.NET framework 4.0 install fails on Windows XP professional version 2002 SP3:

I tried to run setup using "run as..." to make sure the admin rights are used ("protect my computer..." tick was deselected of course). I tried everything: installing using online/offline setup, windows update.

install goes a little and then "rolls back" and says:

Installation did not succeed

.NET Framework 4 has not been installed because:

Fatal error during installation.

for more information about this problem, see the log file.

the full log: http://pastebay.net/1433771

Any ideas?

EDIT1: I have found this in the log:

"BlockIf: You must install the 32-bit Windows Imaging Component (WIC) before you run Setup. Please visit the Microsoft Download Center to install WIC, and then rerun Setup...."

So I found it, and launched "wic_x86_enu.exe" - but it said:

WIC Setup error

Newer version of update is already on the system.

I have already installed:

.NET framewrok 2.0 SP2

.NET framewrok 3.0 SP2

.NET framewrok 3.5 SP1

but I need 4.0 .

EDIT2: another attempt and it's log. (this time better copy of log file):


(copy to notepad and save as .htm and open with internet browser).

I have tried all the solutions I could find - and nothing helped.

I have found something weird: when I formatted the hard drive and installed windows xp again - the .NET framework 4.0 installed ok, but when I plugged my 100Mbit internet cable - the operating system kind off "locked itself" and the bug returned - I could no longer install .NET framework 4.0 again. There was no reason for that to happen, for example I have windows server 2003 in local network, but I don't have active directory enabled on it or anything like that - the server just has some folders shared and thats all (all server's "features" are default). I had the second pc with the same problem - with XP on it too.

This seems like the bug of Operating System to me. I couldn't find what was causing the problem. After many days I gave up: backuped everything, formatted HDD and installed Windows 7 professional 64bit. .NET framework 4.0 installed with no problem on it.

  • The log seems truncated and incomplete. Perhaps use pastebin? As it stands, it's not very useful. – Nathan C May 6 '14 at 23:58
  • @NathanC included "raw" log file in edit2. should be no mistakes in copy-paste. – ctrl May 7 '14 at 0:20

Your log file is outputting an error code that may be caused by a corrupt MSI installer component. You can run the FixIt tool off this page to try and repair it.


"MsiInstallProduct(E:\06bedaa1f86113093c897b5b3fabfc\netfx_Core_x86.msi, EXTUI=1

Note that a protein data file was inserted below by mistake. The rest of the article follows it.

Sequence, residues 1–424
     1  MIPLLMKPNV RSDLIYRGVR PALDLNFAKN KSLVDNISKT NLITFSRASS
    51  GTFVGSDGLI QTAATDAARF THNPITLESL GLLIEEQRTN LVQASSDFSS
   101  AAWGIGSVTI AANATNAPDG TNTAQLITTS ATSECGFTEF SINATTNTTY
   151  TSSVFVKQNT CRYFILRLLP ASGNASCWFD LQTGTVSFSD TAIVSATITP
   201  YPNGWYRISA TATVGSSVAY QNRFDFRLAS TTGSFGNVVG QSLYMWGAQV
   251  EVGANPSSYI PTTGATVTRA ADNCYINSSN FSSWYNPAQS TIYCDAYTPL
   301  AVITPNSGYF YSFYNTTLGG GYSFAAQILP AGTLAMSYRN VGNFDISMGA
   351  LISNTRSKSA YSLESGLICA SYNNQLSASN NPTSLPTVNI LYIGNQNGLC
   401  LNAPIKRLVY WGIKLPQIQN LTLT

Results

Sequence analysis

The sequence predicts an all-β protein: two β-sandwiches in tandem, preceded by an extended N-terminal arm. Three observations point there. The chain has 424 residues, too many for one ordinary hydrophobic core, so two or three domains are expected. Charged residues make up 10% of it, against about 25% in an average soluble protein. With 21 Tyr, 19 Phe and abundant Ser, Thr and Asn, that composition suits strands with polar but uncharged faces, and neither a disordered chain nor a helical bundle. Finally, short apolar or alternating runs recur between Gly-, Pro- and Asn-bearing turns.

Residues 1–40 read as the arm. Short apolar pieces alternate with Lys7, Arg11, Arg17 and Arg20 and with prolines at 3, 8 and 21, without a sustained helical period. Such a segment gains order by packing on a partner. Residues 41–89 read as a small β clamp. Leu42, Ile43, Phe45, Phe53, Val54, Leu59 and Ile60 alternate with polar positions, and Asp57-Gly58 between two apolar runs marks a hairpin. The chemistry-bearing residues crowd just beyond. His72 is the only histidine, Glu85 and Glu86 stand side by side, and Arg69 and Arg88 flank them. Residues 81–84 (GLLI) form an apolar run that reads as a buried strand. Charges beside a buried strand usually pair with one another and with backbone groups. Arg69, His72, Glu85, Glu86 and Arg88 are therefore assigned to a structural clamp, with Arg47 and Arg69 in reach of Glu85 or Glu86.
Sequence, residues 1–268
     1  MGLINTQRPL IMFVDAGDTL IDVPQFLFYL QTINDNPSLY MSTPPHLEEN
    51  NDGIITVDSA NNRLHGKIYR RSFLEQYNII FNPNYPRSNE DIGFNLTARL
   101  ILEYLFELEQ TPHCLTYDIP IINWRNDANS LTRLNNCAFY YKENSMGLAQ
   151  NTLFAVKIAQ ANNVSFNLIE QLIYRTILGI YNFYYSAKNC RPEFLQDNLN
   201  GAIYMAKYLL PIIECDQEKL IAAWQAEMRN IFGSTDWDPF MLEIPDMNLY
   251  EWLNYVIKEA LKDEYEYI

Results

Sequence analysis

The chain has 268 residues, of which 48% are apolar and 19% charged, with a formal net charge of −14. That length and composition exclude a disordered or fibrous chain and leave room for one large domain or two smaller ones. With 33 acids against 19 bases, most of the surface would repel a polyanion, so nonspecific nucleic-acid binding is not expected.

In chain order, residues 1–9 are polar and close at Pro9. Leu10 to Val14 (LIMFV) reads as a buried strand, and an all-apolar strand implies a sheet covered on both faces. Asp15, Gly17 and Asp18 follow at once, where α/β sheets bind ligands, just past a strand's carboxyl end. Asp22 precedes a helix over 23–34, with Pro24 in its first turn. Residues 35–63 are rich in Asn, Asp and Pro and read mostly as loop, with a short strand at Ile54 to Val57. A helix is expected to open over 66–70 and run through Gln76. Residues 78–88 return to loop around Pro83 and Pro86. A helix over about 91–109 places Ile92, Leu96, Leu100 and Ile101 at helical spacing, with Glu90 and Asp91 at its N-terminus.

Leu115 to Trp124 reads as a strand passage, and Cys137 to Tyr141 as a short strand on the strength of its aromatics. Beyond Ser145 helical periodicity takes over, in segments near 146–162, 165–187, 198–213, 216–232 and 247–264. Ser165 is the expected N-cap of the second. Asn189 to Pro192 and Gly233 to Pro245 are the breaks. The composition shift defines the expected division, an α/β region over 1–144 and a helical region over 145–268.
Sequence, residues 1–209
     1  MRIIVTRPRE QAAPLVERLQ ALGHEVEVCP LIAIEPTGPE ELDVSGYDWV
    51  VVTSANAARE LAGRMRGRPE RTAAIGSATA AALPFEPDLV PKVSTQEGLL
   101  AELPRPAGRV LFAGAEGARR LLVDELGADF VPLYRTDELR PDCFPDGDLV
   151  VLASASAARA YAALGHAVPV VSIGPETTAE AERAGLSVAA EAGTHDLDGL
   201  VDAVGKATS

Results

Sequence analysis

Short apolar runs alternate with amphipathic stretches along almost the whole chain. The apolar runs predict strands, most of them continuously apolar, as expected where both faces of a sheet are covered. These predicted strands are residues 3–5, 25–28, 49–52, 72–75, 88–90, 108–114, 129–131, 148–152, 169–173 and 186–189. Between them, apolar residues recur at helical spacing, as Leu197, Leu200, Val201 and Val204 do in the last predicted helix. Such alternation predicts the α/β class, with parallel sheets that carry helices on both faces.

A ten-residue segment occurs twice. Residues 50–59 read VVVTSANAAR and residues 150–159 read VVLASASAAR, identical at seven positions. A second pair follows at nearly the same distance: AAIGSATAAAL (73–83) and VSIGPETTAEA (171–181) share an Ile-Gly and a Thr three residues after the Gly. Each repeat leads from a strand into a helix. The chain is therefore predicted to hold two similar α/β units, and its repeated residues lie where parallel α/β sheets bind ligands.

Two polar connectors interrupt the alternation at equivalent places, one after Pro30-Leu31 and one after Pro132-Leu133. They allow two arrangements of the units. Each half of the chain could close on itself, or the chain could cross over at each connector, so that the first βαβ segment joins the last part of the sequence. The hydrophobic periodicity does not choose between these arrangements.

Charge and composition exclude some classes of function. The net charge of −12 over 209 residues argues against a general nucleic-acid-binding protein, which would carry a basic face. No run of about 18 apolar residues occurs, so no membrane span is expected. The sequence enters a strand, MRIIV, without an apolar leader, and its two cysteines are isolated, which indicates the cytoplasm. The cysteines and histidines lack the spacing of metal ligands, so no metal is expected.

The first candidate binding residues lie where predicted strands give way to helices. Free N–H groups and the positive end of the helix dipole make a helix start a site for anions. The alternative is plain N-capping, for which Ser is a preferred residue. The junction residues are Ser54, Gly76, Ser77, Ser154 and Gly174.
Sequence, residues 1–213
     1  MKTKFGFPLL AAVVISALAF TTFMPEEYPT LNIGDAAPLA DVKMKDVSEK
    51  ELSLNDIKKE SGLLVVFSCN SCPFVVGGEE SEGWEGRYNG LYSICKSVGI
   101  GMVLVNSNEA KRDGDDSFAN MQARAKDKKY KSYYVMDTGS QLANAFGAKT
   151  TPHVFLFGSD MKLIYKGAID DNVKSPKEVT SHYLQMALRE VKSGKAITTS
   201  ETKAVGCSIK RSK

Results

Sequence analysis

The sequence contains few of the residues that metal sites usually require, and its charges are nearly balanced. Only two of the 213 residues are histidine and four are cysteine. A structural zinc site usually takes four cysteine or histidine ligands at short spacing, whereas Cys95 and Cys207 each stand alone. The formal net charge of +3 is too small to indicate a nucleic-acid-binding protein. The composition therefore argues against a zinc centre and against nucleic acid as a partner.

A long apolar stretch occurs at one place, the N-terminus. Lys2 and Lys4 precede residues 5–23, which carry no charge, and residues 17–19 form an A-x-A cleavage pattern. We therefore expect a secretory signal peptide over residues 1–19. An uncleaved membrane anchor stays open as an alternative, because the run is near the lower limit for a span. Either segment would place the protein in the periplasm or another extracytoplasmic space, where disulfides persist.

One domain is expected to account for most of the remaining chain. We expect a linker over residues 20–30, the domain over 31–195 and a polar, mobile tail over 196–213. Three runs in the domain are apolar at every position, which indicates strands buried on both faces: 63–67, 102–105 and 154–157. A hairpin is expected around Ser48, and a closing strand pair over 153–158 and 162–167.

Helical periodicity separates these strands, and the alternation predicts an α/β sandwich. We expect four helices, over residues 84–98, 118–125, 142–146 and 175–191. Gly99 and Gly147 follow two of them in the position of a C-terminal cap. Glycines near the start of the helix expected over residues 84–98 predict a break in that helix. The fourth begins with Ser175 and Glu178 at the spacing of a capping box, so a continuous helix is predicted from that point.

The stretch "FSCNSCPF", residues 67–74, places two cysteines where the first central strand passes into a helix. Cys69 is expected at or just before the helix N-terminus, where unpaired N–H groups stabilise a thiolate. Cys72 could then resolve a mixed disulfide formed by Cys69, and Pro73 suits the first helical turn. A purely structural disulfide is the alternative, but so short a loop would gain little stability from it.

[5/7/2014, 3:2:31] Returning IDOK. INSTALLMESSAGE_ERROR [There is a problem with this Windows Installer package. Please refer to the setup log for more information. "

There's your fatal error.

Reffer to the answer here: http://social.msdn.microsoft.com/Forums/vstudio/en-US/ce7dbfe2-8923-4f01-9a48-9854dc847a76/help-net-framework-4-not-installing?forum=netfxsetup

Hope it helps.


I had the exact same problem and the way I solved it is by right clicking on Program Files and adding myself as a user in "Security" and giving myself full permissions. I also clicked on the Advanced tab and made myself the owner of Program Files. Don't forget to check the box for all subcontainers, etc. before hitting apply.

I did this with my C drive where all these files are located, but even though I did that, Program Files did not list me as the owner. Instead it had Administrator as the owner.

My user account is an Administrator account, but even though I am an administrator, all system files will be owned by the System Administrator (Administrator) until you take away ownership and/or add yourself as a user with full priviledges.

So the installer could not access Program files and other system folders to "do its thing" and hence it came back at me with a "Fatal Error" message. What else could it do? It's like inviting someone to enter a house that is not yours, LOL. You've got to be the owner and have full priviledges to let someone go in and "do its thing".

Try this and I'll betcha it works.

  • 3
    No no no, don’t even think of doing this. This breaks all sorts of important security measures. This absolutely not required on a healthy system. – Daniel B Jul 31 '14 at 15:32

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